Responding to cost of living challenges: Newham

An interview with Jason Strelitz, Corporate Director for Adults and Health, London Borough of Newham.

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Newham is an economically vulnerable borough with many residents affected by high London costs but low wages. It has a young and ethnically diverse population with many large families who have been affected by the benefits cap. The cost of living pressures has tipped people who were just about managing into poverty. At the start of the winter the borough was starting to see significant impact on services, particularly people seeking help from the hardship service due to debt and increases in homelessness.

Planning and coordination

The Director of Public Health is the council’s corporate lead on cost of living, working closely with the Director of Community Wealth Building and with colleagues across the council and wider partners.

Newham’s cost of living response builds on, and scales up, partnership initiatives developed in the pandemic, and the learning from these. A crisis summit was held in September to share information and mobilise collective resources. A multi-agency cost of living taskforce, chaired by the Mayor, meets monthly to oversee the partnership response and deliver an action plan, which includes leveraging information and advice, direct support, and community partnerships. Resources from the Household Support Fund are being used to increase capacity in these areas.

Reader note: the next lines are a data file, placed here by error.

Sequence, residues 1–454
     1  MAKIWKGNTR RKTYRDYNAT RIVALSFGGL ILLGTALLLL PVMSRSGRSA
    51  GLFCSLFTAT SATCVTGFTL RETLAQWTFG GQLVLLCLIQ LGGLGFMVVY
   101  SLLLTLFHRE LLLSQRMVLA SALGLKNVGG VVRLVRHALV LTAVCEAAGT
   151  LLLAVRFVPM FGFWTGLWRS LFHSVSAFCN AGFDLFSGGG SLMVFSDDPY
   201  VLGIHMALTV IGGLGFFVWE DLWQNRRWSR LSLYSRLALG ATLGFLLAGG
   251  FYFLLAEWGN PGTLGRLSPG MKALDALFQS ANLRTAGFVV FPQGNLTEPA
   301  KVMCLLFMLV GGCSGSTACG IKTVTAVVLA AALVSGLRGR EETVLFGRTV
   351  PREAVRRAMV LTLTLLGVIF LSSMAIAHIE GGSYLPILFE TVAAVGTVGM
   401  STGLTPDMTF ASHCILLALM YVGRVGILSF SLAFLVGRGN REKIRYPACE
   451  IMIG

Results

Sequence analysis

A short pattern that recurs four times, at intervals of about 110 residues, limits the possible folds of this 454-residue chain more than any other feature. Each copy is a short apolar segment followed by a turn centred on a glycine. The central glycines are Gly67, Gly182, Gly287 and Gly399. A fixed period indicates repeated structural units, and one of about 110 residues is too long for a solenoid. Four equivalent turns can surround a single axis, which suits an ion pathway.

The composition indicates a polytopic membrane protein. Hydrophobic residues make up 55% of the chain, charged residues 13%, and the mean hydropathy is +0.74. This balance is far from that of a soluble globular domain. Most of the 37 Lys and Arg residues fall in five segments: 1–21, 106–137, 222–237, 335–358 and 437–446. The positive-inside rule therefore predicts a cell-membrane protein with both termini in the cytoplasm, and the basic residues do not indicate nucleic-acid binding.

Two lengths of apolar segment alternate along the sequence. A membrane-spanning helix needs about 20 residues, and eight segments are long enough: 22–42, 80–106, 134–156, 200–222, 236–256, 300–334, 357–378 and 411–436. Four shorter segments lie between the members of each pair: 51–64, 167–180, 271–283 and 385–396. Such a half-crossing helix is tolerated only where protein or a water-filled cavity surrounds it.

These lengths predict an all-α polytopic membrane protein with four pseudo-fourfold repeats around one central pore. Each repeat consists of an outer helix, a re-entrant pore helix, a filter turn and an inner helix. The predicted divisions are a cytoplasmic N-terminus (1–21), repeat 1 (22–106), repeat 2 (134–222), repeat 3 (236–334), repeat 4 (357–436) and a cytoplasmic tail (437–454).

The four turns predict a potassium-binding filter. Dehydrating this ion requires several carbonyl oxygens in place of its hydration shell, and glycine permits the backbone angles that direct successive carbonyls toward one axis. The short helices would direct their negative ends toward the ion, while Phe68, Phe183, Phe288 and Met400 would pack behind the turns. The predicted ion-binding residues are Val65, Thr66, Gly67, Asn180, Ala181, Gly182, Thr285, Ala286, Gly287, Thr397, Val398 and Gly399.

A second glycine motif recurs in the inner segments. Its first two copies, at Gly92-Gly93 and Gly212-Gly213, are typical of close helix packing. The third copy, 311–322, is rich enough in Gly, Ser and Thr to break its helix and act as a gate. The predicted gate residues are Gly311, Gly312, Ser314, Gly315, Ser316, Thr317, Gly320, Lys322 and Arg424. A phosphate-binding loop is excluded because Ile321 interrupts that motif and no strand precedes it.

Cost of living support

Information and advice – partners aim to make best use of online services across all sectors so people can access consistent, comprehensive advice and how to access support available. Events are taking place with communities and businesses. The borough is also being proactive, carrying out telephone winter welfare checks to reach vulnerable people who may not otherwise seek support. Newham Social Welfare Alliance drives work on reducing poverty, including training for frontline workers to provide information and referral pathways on social welfare topics such as income maximisation, debt advice and housing. Thousands of workers from across the borough have undertaken this training, so can provide cost of living information and signposting.